• It’s worthwhile for leaders of any team to absorb the lessons of sense-respond-adapt, even if there is no emergency at hand.
  • Sensing: Treat the far-flung parts of your enterprise as listening stations. The question leaders must ask is, “What are we learning from our interactions beyond the usual information about costs and sales?” Train your people to listen for potentially significant anomalies and ensure that important information is not trapped in organizational silos.
    • Comment: Cost and sales data are lagging indicators that reveal the consequences or outcomes of past activities and decisions. Although this information can help leaders spot trends by looking at patterns over time, it doesn’t help understand the future and inform what needs to be done for the numbers to tell a different story. In addition to lagging indicators, pay attention to current and leading indicators and understand the relationship between these indicators and outcomes.
  • Responding: Improve communication across intra- and inter-organizational boundaries. Leaders should view business continuity as an essential function that acts as connective tissue for the enterprise.
    • Comment: In addition to creating mechanisms that allow the free flow of information both inside and outside the organization, decision-makers should also be comfortable receiving information that challenges their personal view of the world, even if it’s not what they want to hear. Create a culture of psychological safety where people are not afraid to share bad news for fear of getting punished, but rather are acknowledged and rewarded for speaking up. Leveraging the diversity of thought enables leaders to anticipate the future as an organization, decide what to do about it collectively, and then mobilize the organization to do what’s necessary.
  • Adapting: Challenge assumptions, and question orthodoxies. There’s always the temptation to mitigate threats simply by applying existing practices harder and faster. One way to get at those deeper issues and encourage double-loop learning is to ask, “What needs to be true for this to be the right approach?”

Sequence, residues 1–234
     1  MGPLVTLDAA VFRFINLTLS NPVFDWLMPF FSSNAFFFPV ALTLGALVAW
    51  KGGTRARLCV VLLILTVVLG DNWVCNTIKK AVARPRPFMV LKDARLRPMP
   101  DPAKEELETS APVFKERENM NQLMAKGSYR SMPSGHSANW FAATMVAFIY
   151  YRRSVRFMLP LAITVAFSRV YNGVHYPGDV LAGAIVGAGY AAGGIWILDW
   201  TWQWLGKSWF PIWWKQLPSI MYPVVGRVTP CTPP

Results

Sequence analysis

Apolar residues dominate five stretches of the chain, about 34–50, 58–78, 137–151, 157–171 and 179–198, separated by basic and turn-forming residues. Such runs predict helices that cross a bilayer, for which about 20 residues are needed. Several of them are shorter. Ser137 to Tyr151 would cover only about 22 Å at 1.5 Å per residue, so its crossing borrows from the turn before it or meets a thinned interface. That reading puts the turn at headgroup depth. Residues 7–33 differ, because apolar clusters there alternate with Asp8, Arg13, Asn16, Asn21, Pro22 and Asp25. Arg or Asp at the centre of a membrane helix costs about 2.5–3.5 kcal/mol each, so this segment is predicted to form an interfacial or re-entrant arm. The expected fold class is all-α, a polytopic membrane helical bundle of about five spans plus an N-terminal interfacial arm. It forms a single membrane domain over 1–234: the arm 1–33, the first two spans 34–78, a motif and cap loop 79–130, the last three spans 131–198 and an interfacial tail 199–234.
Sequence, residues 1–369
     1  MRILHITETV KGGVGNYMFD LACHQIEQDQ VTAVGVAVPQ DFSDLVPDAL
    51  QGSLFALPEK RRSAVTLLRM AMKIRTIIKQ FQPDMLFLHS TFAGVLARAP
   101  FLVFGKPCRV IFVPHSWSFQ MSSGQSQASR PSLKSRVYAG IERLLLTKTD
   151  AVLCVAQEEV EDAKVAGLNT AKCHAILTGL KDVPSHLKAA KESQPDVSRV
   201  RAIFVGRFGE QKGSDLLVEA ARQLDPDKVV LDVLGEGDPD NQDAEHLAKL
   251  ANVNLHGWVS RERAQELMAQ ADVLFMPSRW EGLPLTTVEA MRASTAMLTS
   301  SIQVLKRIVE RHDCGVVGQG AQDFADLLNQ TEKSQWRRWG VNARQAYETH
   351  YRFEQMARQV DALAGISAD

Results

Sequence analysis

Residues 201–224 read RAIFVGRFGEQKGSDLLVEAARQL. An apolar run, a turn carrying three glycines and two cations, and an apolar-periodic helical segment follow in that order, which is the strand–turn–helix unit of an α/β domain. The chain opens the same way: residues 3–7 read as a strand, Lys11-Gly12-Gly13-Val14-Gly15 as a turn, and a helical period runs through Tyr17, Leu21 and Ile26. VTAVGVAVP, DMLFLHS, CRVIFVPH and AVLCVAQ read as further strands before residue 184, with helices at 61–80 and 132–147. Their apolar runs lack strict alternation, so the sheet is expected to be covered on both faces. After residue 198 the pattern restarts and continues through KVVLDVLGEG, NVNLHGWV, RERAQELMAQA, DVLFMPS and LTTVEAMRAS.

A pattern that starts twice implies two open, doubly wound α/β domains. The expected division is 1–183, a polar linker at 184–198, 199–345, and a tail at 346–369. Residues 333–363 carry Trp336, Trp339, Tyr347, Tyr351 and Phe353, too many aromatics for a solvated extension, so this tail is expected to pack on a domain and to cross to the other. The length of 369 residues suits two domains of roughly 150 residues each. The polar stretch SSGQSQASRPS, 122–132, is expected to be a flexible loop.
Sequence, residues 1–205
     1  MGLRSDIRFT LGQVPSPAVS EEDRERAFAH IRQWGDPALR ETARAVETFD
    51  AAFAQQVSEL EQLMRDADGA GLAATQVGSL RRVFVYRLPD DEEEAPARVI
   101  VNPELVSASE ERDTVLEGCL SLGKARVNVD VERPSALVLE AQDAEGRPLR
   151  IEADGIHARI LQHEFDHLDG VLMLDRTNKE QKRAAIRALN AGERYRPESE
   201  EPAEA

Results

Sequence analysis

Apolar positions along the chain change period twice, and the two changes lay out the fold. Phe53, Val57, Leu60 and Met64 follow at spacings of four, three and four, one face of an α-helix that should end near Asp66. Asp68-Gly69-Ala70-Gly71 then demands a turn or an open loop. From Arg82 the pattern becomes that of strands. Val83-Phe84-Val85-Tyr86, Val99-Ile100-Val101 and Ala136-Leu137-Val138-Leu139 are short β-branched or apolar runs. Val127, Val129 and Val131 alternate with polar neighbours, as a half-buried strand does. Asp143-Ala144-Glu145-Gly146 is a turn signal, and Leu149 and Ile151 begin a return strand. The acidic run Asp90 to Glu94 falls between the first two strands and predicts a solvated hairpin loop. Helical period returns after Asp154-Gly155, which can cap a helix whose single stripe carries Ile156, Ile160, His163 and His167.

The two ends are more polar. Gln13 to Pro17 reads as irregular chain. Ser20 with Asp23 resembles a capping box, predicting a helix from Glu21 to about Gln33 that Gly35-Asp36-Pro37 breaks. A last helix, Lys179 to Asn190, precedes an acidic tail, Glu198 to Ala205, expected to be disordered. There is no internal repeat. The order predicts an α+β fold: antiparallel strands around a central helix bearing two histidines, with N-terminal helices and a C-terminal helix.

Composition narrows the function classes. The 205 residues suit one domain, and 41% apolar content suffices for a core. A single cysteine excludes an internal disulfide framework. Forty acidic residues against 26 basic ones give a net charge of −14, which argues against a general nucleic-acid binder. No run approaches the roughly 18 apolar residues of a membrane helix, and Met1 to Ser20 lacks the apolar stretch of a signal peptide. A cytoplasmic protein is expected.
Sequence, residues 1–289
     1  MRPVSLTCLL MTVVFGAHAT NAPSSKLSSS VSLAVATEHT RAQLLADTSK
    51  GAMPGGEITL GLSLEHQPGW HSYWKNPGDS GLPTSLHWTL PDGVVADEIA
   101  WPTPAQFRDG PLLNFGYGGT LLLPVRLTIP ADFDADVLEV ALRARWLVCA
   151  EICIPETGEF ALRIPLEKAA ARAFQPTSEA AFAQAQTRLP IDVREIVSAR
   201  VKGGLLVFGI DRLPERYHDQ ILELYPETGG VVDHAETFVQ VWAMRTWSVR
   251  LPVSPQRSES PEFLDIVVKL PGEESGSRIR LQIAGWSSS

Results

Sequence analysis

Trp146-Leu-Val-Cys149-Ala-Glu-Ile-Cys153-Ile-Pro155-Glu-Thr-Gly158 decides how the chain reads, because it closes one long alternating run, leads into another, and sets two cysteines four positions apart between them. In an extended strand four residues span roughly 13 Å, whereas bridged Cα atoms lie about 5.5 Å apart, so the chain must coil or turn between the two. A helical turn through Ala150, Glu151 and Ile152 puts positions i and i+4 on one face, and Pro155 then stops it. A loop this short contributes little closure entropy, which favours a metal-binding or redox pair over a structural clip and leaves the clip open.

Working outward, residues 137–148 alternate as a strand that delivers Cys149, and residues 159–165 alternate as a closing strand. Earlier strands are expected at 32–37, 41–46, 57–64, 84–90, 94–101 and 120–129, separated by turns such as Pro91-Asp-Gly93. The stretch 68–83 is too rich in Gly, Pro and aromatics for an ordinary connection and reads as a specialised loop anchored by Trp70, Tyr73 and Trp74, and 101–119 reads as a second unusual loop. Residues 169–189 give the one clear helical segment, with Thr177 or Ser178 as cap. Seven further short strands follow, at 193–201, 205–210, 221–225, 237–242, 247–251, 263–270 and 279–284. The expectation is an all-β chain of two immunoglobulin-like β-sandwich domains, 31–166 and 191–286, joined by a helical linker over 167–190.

• Comment: In an increasingly uncertain environment, it’s difficult to survive and thrive with an old business model or outdated technologies. Many businesses fail because they continue doing the same thing for too long, and they don’t respond quickly enough and effectively when conditions change. As a leader, stay curious and connected to the external environment, look for market shifts, understand what needs to be regularly refreshed and reimagined, adopt new technologies and capabilities, and adapt in ordinary times but also during times of transition. Unfortunately for many leaders, it’s just more convenient for them to continually downplay the fact that conditions are changing than take the appropriate course of action that drives business success.

How are you preparing your organization for potential future disruptions?

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The Collaborative Organization

These days the term collaboration has become synonymous with organizational culture, creativity, innovation, increased productivity, and success.

Let’s look at the COVID-19 pandemic as an example. At the peak of the crisis, several companies instructed their workers to adopt remote working as a health and safety precautionary measure.

Two years into the pandemic, they are now asking their employees back to the office full time or are planning to adopt a hybrid model.

The need to preserve our collaborative culture and accelerate innovation are two of the top benefits being cited by organizational and team leaders for bringing workers back.